To compare the improvement of quality of life (QoL) in cardiac resynchronization therapy plus implantable cardioverter defibrillator (CRT-D) therapy with that in implantable cardioverter defibrillator (ICD) therapy alone for patients with heart failure.Medline, Embase, The Cochrane Library, and US Food and Drug Administration website were searched for published studies up to 31 December 2011. Studies were considered for inclusion if they were randomized controlled trials (RCTs) that compared the efficacy of CRT-D therapy with ICD therapy in patients with heart failure. The primary outcome of this study was improvement in QoL. Four RCTs with 1655 patients were included in this meta-analysis. Overall, the QoL score of patients in CRT-D group significantly improved [weighted mean difference (WMD): -6.02; 95% confidence interval (CI): -10.56 to -1.48] compared with that in the ICD only group. However, the benefit with respect to QoL in CRT-D group was not maintained when subset meta-analysis was performed in patients with New York Heart Association (NYHA) class I-II (WMD: 0.19; 95% CI: -3.89 to 4.72), whereas the patients with NYHA class III-IV in CRT-D group still experienced a significant improvement of QoL score compared with ICD group (WMD: -8.49; 95% CI: -13.39 to -3.59).CRT-D therapy improves the QoL compared with ICD therapy alone, especially in patients with moderate to severe heart failure.
HubMed – drug

 

Characterizing functional domains of the SloR metalloregulatory protein in Streptococcus mutans.

Filed under: Drug and Alcohol Rehabilitation

J Bacteriol. 2012 Oct 26;
Haswell JR, Pruitt BW, Cornacchione LP, Coe CL, Smith EG, Spatafora GA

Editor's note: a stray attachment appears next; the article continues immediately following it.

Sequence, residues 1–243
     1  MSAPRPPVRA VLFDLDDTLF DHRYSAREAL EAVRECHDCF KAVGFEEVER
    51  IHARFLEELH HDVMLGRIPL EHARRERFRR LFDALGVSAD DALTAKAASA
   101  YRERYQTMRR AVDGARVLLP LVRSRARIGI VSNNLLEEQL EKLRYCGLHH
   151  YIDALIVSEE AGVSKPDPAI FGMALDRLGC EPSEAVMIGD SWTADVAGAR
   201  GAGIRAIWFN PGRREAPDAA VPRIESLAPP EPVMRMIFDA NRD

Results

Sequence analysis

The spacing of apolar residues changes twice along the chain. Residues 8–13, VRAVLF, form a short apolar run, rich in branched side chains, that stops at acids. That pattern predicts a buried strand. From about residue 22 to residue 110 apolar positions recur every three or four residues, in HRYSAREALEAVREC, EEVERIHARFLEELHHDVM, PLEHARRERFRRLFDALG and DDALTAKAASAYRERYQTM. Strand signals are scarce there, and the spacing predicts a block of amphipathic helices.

Streptococcus mutans is a commensal member of the healthy plaque biofilm and the primary causative agent of dental caries. The present study is an investigation of SloR, a 25-kDa metalloregulatory protein that modulates genes responsible for S. mutans-induced cariogenesis. Previous studies of SloR homologues in other bacterial pathogens have identified three domains critical to repressor functionality: an N-terminal DNA-binding domain, a central dimerization domain, and a C-terminal FeoA (previously SH3-like) domain. We used site-directed mutagenesis to identify critical amino acid residues within each of these domains of the SloR protein. Select residues were targeted for mutagenesis and non-conservative amino acid substitutions were introduced by overlap extension PCR. Furthermore, three C-terminally truncated SloR variants were generated using conventional PCR. The repressor functionality and DNA-binding ability of each variant was assessed using CAT reporter gene assays, real time qRT-PCR, and electrophoretic mobility shift assays. We identified 12 residues within SloR that cause significant de-repression of sloABC promoter activity (P<0.05) compared to wild-type SloR. De-repression was particularly noteworthy in metal ion-binding site 1 mutants, consistent with the site's importance in gene repression by SloR. In addition, a hyperactive SloR(E169A/Q170A) mutant was identified as having significantly heightened repression of sloABC promoter activity, and experiments with C-terminal deletion mutants support involvement of the FeoA domain in SloR-mediated gene repression. Given these results, we describe the functional domains of the S. mutans SloR protein and propose that the hyperactive mutant could serve as a target for rational drug design aimed at repressing SloR-mediated virulence gene expression. HubMed – drug